But I'm talking about broader in the country. Because what we're talking about is the future of civilization here, existential things. But no one has the time. It's a strange irony. … [Sometimes] immediate concerns tend to take up all the time [of lawmakers]. ...

[I think] that we ought to do something that at least gives another forum [such as the Nuclear Security Working Group] to elevate and heighten the sensitivity to the need for discussion in areas of nonproliferation, modernization and creative thinking in terms of policy moving forward that keeps us safe and prevents this technology from spreading, and that possibly creates new structures internationally to keep a check on this.

GSN: Beyond members of Congress, who else do you want to encourage to do more work in the arena of nuclear security?

Fortenberry: People who are attracted to it because of the nature of the question. People who worry about it deeply and because this is so dangerous. People who are younger. …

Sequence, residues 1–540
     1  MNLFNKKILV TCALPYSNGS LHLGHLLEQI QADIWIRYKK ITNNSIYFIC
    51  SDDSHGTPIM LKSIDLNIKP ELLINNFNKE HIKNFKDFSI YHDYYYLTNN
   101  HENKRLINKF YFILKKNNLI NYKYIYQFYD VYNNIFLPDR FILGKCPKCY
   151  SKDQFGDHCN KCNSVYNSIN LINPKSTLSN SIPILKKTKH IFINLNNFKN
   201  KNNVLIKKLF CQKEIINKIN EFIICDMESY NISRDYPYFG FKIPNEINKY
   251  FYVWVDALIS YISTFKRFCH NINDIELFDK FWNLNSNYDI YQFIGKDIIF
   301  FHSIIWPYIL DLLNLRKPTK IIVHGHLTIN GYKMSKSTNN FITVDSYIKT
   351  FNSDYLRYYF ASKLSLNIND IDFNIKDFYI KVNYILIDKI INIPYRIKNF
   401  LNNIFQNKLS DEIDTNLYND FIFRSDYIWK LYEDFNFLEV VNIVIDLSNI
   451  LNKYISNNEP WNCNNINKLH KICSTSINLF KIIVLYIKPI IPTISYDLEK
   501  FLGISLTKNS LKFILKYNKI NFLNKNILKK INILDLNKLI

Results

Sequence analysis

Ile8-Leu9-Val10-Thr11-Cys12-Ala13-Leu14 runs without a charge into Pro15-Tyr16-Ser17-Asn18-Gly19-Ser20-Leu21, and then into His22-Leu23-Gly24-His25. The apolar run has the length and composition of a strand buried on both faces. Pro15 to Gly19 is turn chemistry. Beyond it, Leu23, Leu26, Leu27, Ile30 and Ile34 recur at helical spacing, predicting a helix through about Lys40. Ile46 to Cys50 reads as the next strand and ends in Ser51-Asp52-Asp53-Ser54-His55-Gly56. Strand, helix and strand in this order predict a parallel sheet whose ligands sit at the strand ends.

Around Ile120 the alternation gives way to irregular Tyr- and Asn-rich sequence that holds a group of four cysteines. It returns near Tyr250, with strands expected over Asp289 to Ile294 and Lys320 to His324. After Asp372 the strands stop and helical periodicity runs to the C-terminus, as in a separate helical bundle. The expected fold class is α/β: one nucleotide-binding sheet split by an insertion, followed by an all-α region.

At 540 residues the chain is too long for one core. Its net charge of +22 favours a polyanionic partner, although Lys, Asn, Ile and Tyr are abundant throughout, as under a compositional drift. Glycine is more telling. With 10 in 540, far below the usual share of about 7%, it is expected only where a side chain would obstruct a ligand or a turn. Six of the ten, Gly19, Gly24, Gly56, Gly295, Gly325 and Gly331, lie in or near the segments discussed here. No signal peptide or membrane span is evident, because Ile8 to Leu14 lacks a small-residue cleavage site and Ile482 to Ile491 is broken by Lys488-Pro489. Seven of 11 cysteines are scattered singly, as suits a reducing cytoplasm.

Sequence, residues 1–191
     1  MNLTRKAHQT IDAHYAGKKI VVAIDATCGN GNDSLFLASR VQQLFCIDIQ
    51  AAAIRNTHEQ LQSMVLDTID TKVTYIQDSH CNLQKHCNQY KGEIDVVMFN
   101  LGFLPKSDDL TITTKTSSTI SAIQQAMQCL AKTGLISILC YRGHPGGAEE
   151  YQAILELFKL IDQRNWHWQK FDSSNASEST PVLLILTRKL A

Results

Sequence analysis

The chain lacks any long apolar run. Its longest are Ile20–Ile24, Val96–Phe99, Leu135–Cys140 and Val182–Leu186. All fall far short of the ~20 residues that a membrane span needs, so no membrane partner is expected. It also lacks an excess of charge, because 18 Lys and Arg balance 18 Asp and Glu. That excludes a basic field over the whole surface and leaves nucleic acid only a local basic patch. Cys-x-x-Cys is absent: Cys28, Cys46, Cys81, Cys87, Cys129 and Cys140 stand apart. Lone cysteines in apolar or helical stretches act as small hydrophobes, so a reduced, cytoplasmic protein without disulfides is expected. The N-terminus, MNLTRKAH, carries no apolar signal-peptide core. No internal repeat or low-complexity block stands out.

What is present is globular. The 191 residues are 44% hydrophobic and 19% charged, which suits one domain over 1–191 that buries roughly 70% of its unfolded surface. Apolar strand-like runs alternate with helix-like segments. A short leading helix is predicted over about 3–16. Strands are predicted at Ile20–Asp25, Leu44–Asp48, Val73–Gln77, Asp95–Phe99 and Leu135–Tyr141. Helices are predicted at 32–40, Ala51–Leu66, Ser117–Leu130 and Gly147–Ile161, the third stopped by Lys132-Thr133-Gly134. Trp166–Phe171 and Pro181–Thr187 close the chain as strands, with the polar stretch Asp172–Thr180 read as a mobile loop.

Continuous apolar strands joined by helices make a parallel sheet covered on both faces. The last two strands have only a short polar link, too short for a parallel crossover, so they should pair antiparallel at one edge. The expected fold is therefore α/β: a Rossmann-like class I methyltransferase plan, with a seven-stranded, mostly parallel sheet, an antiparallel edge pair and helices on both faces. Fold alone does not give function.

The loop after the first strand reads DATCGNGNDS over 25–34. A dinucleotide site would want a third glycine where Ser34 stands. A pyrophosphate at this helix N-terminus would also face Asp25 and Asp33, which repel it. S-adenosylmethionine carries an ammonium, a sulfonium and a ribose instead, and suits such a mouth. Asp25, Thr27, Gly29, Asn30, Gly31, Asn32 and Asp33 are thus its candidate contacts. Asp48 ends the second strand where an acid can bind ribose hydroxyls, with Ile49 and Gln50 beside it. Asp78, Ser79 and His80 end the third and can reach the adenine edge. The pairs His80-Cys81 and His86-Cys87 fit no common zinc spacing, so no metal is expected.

[We should be] bringing people in who want to have serious deliberation about the whole spectrum of issues affecting nuclear security. Now you've had movements in the past, you know, the '60s peace movements and things like that. And certainly there's an aspect of that. But you don't want to be captured by a particular past sentiment. We want to try to move forward.

GSN: Or a partisan sentiment?

Fortenberry: Or a partisan sentiment that becomes entangled with other agendas that might actually distract from the deeper questions as to how do we secure nuclear weapons, bring the probability of their use down to as close to zero as you can, and make sure bad people don't get them.

GSN: At a Sept. 17 Congressional Nuclear Security Working Group event on Capitol Hill you asked a panel of experts how they define deterrence. That question took up a significant amount of the hour-long event. How do you define deterrence?

Fortenberry: Tom Karako, [a Kenyon College assistant political science professor and former House Armed Services Committee fellow], had a very, very astute observation. [He said] psychology, communications, force structure. I thought that was very well stated.